to reduce greenhouse gases; and, finally, how to expand the geography of work and opportunity. For parents, particularly women, telecommuting provides a golden opportunity to balance the challenges of child-raising with those of work. Working at home, full or part-time, shrinks the number of hours wasted commuting and allows greater flexibility that is often critical to maintaining a family. In a country with a deteriorating fertility rate, and ever greater strains on those trying to raise children, telecommuting offers, at least for some, a way to remain in the labor force without cheating the next generation. Equally important, as the online universe expands, telecommuting allows us to reduce carbon emissions and energy use without forcing people to live in dense communities that most Americans, particularly in their adult years, clearly do not prefer. Greens, planners and many pundits seem anxious to force people to live in crowded housing close to buses and trains, yet rarely mention that it’s infinitely more eco-friendly to not commute at all. Finally there’s the often ignored issue of geography. If you force people to work in daily commuting distance from Yahoo’s Palo Alto headquarters, you are essentially telling them to live in a region where housing is among the most expensive in the nation. For anyone under 40 who does not have wealthy parents, a large amount of dot-com stock or recently robbed a bank, it’s almost impossible to buy a singlefamily home or spacious townhouse in the Valley, even in the only modestly attractive parts. So what’s the beef with the expansion of telecommuting? The conventional explanation usually revolves around the notion that putting employees together every day together generates greater innovation. There are clearly advantages in face-to-face contact, particularly for younger people and top-echelon executives, who may be more effective minding the store if they hang around the office. But for most employees productivity actually rises with telecommuting. This is confirmed by broad studies such as one by the consultancy Workshifting that found, on average, a 27 percent rise in productivity among telecommuting employees. Over two thirds of the employers surveyed reported higher productivity among homebased employees, including British Telecom, Dow Chemical, American Express and Compaq. One of the best examples of telecommuting advantages can be seen at the high-tech company Cisco, which in contrast to Mayer’s assertion, has found telecommuters are effective at communicating and collaborating. It has also improved employee retention and also saved $277 million by allowing its employees to telecommute. Other companies reporting positive results, particularly in terms of retaining employees, from telecommuting, include IBM and Best Buy. Equally critical, notes a study by Global Workplace Analytics, are the tremendous environmental savings. Half-time telecommuting could reduce carbon emissions by over 51 million metric tons a year — the equivalent of taking all of greater New York’s commuters off the road. Additional carbon footprint savings will come from reduced office energy consumption, roadway repairs, urban heating, office construction, business travel and paper usage (as electronic documents replace paper). Traffic jams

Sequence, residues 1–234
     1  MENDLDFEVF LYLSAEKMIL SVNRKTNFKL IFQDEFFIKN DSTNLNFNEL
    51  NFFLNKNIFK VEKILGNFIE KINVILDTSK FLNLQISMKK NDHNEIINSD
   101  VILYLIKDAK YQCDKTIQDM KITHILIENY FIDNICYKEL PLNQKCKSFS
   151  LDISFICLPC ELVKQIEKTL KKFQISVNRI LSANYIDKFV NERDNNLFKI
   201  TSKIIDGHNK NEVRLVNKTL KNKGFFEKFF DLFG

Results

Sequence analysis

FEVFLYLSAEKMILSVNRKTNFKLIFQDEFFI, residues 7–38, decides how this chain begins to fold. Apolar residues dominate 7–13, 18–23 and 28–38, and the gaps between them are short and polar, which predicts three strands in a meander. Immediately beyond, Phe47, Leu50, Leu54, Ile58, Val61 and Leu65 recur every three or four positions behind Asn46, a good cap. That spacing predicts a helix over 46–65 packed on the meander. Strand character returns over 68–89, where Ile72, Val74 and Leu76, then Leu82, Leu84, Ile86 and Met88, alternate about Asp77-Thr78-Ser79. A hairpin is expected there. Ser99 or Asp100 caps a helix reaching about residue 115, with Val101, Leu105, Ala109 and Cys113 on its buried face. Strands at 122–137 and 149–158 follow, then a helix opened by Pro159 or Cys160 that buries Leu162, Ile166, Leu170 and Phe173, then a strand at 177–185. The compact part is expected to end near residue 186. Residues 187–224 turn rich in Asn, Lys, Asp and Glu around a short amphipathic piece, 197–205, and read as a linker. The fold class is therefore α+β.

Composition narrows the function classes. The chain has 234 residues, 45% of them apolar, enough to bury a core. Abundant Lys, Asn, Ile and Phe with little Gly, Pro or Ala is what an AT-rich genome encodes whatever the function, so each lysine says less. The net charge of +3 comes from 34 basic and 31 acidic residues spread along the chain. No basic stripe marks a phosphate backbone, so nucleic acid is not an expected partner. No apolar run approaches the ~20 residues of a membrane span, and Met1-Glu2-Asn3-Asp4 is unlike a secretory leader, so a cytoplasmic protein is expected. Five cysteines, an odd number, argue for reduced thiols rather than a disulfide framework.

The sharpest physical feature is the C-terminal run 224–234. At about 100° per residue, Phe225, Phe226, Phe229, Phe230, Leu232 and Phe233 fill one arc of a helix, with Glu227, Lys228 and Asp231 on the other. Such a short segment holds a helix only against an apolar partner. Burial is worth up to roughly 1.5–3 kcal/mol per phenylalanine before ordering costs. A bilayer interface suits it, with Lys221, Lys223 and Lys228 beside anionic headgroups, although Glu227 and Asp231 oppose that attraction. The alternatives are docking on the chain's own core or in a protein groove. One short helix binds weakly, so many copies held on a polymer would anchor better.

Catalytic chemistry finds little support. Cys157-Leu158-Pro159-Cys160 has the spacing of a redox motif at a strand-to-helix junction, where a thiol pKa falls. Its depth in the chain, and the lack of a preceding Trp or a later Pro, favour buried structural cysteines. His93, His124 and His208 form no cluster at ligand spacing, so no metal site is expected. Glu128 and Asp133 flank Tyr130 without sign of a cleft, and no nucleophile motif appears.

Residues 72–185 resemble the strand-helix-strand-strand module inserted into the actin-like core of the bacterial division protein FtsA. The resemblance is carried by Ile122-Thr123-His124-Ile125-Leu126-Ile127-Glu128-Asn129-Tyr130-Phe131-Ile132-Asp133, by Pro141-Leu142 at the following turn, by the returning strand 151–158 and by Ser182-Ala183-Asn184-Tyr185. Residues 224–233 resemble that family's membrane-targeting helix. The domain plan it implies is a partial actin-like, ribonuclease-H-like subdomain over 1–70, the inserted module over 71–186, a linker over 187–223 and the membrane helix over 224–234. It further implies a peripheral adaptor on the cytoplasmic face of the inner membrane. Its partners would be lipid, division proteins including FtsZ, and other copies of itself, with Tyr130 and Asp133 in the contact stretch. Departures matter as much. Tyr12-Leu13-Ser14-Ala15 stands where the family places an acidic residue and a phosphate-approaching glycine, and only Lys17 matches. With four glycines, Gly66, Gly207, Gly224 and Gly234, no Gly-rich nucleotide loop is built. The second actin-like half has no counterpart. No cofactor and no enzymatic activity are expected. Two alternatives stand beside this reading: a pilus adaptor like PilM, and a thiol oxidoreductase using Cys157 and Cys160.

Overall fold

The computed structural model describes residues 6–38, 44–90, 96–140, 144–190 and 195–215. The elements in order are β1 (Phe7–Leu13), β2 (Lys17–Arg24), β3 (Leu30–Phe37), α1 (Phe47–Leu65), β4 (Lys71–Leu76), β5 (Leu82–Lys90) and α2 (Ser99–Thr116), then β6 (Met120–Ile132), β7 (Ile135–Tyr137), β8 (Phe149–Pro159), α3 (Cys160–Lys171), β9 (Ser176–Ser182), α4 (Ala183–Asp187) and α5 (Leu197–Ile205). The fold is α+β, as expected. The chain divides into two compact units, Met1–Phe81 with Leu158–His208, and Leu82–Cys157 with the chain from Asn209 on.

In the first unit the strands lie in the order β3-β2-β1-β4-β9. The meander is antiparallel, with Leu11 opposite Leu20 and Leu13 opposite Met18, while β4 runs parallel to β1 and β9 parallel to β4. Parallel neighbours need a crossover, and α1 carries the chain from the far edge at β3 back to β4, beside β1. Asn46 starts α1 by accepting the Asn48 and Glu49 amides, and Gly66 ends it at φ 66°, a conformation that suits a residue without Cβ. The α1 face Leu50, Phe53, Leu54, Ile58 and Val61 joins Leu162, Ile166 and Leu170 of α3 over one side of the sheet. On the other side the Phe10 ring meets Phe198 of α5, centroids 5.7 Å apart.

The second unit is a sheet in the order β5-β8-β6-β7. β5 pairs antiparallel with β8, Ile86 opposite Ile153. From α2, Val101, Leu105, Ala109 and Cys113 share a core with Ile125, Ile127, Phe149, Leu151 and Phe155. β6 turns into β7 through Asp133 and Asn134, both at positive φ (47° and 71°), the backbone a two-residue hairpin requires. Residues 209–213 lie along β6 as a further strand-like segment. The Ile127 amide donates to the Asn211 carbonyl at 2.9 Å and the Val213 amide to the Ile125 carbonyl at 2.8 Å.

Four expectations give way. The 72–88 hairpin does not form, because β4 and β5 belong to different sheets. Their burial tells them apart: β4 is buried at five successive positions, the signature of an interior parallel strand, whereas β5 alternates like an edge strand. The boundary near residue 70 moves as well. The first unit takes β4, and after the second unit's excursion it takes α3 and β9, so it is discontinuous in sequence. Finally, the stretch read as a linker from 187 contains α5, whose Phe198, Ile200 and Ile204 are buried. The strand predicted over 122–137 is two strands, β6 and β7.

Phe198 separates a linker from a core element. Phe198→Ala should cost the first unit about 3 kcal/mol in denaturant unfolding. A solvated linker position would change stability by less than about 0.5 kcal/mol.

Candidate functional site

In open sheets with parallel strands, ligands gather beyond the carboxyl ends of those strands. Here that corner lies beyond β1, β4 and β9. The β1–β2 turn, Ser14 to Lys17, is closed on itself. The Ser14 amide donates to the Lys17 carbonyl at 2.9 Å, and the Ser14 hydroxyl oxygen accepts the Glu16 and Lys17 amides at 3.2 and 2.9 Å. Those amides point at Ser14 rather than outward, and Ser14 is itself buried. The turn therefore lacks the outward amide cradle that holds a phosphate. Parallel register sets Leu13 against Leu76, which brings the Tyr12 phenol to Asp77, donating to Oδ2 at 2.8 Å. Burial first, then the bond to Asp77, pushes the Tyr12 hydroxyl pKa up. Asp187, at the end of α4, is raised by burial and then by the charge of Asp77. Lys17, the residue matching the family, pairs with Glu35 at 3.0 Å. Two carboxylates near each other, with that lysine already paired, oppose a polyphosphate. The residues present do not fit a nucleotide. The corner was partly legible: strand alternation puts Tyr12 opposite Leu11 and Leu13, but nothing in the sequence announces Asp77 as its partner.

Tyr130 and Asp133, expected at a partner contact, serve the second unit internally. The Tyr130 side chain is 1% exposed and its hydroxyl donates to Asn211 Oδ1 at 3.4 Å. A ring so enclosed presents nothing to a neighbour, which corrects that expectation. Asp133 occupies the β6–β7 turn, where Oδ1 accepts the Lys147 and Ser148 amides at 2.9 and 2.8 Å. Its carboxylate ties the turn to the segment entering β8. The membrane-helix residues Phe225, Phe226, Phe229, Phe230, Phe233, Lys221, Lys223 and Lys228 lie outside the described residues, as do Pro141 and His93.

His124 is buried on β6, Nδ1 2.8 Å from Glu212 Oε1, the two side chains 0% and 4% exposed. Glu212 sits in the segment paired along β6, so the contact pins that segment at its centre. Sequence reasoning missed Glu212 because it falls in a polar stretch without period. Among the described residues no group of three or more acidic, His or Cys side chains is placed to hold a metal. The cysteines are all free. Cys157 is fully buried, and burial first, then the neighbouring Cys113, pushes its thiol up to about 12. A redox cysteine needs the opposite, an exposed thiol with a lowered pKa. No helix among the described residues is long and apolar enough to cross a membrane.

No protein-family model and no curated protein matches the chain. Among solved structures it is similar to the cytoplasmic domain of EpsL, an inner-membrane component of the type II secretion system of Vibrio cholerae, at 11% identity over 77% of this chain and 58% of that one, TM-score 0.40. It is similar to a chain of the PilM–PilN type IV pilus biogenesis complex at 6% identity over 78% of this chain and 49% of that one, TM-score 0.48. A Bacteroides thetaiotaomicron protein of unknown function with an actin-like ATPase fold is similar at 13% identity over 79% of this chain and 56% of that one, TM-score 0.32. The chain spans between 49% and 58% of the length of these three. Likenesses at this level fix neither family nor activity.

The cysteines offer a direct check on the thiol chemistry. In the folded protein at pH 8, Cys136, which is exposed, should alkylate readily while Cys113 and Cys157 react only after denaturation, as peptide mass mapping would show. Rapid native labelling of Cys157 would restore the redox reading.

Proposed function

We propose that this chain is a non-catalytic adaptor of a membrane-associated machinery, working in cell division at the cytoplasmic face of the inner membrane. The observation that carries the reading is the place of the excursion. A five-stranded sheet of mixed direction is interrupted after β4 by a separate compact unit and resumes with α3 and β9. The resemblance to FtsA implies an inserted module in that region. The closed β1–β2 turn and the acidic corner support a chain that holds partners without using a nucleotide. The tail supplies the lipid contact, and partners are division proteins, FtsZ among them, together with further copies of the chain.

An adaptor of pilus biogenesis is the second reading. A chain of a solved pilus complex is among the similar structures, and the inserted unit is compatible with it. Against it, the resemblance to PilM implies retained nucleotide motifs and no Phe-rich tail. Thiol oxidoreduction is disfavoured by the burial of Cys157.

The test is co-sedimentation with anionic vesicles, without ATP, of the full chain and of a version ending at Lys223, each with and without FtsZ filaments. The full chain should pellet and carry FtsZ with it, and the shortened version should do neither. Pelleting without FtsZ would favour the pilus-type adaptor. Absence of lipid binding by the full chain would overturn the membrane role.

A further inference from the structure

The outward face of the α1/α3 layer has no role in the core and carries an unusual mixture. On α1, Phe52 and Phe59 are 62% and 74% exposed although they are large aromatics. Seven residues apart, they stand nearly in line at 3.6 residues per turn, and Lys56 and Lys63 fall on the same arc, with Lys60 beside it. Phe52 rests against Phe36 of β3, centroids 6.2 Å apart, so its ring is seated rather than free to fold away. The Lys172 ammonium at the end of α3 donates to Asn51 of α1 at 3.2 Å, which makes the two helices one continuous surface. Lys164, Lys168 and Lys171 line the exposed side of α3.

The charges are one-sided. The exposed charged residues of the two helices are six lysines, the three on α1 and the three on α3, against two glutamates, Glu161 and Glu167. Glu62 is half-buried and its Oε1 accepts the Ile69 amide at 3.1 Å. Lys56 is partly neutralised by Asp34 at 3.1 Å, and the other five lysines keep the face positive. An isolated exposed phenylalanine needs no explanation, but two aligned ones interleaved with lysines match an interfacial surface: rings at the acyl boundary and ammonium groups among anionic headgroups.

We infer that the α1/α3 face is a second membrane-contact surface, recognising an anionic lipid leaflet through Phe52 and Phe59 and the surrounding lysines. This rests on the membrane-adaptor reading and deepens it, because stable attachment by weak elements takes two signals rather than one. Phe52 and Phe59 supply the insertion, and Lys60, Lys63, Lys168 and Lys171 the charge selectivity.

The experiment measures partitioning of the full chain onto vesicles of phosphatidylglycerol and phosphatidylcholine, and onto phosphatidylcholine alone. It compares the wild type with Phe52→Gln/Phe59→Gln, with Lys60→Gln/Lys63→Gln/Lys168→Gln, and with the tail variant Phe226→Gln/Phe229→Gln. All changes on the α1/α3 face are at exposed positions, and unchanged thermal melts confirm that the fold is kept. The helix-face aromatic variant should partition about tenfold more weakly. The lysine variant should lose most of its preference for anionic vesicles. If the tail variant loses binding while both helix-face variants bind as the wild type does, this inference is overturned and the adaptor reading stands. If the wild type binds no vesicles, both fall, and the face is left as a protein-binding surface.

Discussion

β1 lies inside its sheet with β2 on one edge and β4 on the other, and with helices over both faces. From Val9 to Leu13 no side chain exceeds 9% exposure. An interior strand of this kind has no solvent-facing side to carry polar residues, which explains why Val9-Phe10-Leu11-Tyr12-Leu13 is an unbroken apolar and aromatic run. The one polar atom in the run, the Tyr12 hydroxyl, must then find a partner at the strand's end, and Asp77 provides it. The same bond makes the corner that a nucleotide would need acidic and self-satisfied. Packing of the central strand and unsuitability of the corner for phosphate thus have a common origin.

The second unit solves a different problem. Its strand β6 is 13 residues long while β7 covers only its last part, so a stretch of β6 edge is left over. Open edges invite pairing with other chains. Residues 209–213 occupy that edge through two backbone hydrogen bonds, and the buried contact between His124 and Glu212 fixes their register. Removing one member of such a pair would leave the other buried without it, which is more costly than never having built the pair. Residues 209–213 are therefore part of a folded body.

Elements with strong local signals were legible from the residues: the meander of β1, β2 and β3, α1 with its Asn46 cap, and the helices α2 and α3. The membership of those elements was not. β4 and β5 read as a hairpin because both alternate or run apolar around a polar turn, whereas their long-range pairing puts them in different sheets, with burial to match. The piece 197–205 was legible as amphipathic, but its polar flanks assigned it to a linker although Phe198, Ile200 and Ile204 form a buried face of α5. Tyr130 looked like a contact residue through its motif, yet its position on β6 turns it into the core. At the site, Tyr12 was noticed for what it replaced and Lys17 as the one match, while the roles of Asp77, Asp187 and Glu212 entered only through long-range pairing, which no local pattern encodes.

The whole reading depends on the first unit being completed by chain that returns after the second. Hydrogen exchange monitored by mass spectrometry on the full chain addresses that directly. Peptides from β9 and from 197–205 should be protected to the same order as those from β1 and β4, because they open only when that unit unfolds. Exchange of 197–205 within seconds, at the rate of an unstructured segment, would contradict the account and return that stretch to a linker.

idle away almost 3 billion gallons of gas a year and accounts for 26 million extra tons of greenhouse gases. But perhaps most relevant, whatever its merits, telecommuting and home-based work seems to be the inevitable wave of the future, whether corporate managers like it or not. Working at home grew faster percentage-wise than any other mode of work access in the United States between 2000 and 2010. In that decade, the country added some 1.7 million telecommuters, almost twice the much ballyhooed increase of 900,000 transit riders. This tends to be more true in places like Silicon Valley, where workers are computer savvy and housing costs are onerous. Between 2005 and 2009, the Valley workforce grew by less than 10 percent but the telecommuting population increased by almost 130 percent. Tech-oriented places like Austin, Portland, Denver, San Diego, San Francisco and Seattle all rank among the cities with the highest percentage of people working at home. As workers become more familiar with technology, these trends should accelerate. A survey by the Information Technology Association of America found that 36 percent of respondents would choose telecommuting over a pay raise. These preferences appear to be even greater among millennial generation workers, who, according to a Pew study, tend to seek a “balance” between work and life. Global Workplace Analytics suggests this means they will be more attracted to flexible work throughout their careers , particularly as they start families. Other trends, including the huge expansion in self employment in the U.S., promise to accelerate telecommuting in years ahead. The ranks of